Leading article: Effective reform should be the goal, not saving money

An attempt to push the unemployed into work under these circumstances will be difficult

Share
Related Topics

The Coalition Government's decision to make welfare reform one of its priorities is to be welcomed. In too many cases, the existing benefits system ends up demoralising recipients and trapping them in a life of dependency, rather than helping them back into work.

Both Labour and the Conservatives are to blame for this perversion of the original purpose of the welfare state. In the 1980s, Margaret Thatcher encouraged hundreds of thousands of unemployed people to register for incapacity benefits so she could claim that her government had reduced joblessness. And Labour failed to tackle the problem of long-term welfare dependency during the long years of economic growth when the circumstances for such an effort were much more propitious than they are now.

The thrust of the Coalition's reforms, published in a White Paper by Iain Duncan Smith's Department for Work and Pensions yesterday, is right. It is sensible to make work pay better by ending the present swift withdrawal of various benefits when someone takes a job, as Mr Duncan Smith's "universal credit" aims to do. There is also a case for requiring the long-term unemployed to take part in some form of unpaid community work as a quid pro quo for their benefits (although the carrot is likely to be much more effective in this case than the stick).

Yet there are two significant dangers with the manner in which the Coalition is going about its work. This is a time of abnormally high unemployment and the economic outlook is hugely uncertain. The Coalition's recklessly hasty spending cuts are going to result in an extra 500,000 public sector jobs disappearing over the next five years. Under these circumstances, attempting to push the unemployed into work will be difficult. And if the economy does not grow as rapidly as the Coalition expects, it will be harder still.

It is true that Mr Duncan Smith's reforms will not take effect immediately. The universal credit will be introduced only for new claimants from 2013 and for others after 2015. In theory, that should create time for the economy to recover. Yet the Chancellor of the Exchequer has demanded significant savings from the welfare budget within the course of this parliament, in order to meet his target of eliminating the entire structural deficit in just five years.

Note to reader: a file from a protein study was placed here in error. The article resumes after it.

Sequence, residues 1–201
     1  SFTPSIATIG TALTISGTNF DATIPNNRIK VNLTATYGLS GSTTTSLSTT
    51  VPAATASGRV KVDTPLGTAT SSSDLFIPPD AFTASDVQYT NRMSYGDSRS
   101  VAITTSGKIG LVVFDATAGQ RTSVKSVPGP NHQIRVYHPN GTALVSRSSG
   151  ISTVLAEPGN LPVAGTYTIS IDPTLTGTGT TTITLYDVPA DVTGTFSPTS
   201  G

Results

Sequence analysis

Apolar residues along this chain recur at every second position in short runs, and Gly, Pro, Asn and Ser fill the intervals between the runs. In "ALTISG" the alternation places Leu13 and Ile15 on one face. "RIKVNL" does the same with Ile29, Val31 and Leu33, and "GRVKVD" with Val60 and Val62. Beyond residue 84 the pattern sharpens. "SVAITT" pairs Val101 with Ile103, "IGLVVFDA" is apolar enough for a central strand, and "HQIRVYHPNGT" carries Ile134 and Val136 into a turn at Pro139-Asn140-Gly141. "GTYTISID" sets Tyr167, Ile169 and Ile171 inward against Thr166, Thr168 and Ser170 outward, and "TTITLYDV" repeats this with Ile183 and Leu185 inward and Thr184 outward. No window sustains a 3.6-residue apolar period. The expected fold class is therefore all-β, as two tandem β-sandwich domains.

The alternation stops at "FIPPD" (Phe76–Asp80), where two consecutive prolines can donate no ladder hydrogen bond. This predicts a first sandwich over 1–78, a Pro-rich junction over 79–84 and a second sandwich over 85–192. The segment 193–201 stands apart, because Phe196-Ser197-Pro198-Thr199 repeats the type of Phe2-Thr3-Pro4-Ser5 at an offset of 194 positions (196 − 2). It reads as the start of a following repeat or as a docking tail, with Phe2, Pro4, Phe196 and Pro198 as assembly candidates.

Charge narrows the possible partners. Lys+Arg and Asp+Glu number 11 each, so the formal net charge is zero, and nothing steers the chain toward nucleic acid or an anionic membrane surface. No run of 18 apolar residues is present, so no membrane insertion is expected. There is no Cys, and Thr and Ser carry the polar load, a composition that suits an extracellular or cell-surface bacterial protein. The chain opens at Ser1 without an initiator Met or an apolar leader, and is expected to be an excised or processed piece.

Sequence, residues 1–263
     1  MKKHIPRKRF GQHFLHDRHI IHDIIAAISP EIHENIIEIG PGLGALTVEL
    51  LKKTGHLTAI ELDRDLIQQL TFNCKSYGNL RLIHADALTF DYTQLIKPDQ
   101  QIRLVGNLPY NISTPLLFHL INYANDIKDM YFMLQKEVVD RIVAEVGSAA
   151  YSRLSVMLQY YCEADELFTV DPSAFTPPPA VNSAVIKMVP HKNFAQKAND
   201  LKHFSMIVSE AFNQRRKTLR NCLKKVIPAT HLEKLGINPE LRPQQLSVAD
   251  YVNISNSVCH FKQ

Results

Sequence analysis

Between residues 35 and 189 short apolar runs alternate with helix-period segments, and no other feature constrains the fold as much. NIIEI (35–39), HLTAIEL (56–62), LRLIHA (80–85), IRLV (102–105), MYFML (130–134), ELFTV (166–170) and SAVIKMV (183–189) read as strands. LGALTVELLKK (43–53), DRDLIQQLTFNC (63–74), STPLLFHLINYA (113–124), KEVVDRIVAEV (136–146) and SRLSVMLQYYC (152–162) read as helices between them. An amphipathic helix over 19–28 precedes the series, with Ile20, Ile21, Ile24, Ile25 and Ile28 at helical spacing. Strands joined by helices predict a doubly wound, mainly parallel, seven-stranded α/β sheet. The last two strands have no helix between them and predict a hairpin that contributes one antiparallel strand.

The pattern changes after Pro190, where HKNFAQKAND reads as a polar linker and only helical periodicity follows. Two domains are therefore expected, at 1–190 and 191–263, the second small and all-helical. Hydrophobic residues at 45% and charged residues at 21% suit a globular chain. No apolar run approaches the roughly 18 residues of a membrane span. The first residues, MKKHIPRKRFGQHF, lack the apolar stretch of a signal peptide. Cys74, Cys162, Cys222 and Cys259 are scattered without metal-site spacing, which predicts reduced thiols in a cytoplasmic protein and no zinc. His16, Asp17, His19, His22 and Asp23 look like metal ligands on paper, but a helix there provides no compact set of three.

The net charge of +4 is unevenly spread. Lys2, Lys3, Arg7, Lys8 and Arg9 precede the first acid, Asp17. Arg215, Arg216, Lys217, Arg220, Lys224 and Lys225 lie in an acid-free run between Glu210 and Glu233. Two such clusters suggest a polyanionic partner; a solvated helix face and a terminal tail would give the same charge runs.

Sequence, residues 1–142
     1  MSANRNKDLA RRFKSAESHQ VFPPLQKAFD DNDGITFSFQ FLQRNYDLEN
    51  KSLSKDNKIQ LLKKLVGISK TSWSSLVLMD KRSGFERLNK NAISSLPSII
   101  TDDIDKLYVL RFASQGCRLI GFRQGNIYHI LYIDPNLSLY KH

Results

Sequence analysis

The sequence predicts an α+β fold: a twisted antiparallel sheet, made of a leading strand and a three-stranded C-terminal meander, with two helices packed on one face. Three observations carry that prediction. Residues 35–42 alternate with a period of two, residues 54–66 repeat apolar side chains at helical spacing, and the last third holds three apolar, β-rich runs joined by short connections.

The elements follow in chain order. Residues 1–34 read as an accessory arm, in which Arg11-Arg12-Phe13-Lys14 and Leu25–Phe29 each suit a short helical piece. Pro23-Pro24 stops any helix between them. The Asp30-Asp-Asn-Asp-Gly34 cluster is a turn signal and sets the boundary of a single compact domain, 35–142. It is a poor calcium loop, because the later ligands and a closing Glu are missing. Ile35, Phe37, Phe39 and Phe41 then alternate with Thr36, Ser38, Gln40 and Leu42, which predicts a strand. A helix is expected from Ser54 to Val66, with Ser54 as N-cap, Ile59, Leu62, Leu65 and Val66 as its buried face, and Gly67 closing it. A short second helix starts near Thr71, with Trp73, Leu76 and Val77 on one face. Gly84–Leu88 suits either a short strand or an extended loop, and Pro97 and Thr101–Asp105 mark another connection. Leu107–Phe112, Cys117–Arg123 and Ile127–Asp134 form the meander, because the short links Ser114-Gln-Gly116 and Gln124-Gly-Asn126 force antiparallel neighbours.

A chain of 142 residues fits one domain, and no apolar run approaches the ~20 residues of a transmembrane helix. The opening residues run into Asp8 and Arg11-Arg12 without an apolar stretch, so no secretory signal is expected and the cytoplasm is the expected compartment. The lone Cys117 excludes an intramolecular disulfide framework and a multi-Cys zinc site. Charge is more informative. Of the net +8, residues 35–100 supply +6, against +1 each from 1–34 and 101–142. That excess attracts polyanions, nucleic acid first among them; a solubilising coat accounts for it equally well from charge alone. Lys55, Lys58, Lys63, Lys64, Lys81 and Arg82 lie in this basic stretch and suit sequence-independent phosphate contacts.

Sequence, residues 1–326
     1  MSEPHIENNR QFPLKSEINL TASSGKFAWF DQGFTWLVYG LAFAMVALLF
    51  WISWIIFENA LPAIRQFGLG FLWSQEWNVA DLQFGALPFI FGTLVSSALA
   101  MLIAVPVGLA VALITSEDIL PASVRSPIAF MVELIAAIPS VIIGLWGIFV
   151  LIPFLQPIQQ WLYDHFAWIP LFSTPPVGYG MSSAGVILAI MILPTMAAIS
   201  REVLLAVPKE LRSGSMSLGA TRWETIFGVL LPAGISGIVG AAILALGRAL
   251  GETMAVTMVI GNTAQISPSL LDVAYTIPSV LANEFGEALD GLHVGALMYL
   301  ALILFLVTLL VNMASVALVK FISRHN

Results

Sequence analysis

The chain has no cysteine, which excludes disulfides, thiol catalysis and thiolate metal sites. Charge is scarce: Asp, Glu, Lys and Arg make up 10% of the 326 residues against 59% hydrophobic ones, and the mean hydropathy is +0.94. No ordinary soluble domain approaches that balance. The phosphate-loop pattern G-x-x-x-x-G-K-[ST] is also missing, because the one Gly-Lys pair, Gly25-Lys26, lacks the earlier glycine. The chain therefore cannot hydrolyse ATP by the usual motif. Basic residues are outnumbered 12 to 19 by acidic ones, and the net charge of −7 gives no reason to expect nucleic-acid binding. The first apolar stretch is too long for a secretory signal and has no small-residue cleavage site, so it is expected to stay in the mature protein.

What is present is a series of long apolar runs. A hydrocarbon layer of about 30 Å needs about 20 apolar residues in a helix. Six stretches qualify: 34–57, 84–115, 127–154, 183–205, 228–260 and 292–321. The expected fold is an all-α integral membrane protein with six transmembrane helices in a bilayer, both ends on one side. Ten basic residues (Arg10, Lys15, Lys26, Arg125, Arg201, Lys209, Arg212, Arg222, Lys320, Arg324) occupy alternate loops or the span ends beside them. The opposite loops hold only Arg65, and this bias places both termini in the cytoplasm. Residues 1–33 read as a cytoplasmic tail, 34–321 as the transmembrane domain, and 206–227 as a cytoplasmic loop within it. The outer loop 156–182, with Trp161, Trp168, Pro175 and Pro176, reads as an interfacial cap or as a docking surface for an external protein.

If this welfare shake-up ends up being driven by a Treasury more interested in savings than reform, the result will be the punishment of welfare recipients rather than a sustainable shift. We are already seeing this in the ill-thought-out Government plans to cap housing benefit.

The other danger is that the Government seems interested in addressing only one pincer of the work and welfare trap. The existing benefits system creates disincentives to work. But so does low pay for unskilled jobs in the private sector. The Coalition seems oblivious to the reality that the minimum wage means a life of poverty.

When ministers speak about welfare they often point out the disincentives to work in the system. Yet they never seem to mention that a large chunk of welfare payments go to those already in work in the form of income support and tax credits. The most effective way to cut that part of the welfare bill would be to make work pay. Ministers should be legislating to raise the minimum wage. And the Government needs to be prepared to stand up to the intense pressure of the business sector that such a move would provoke.

Mr Duncan Smith won an important Whitehall battle with the Treasury when he secured upfront funding for the universal credit. But the war for effective welfare reform is by no means over.

React Now

Latest stories from i100
iJobs Job Widget
iJobs General

Ashdown Group: IT Support Technician - 12 Month Fixed Term - Shrewsbury

£17000 - £20000 per annum: Ashdown Group: IT Helpdesk Support Technician - 12 ...

The Jenrick Group: Maintenance Planner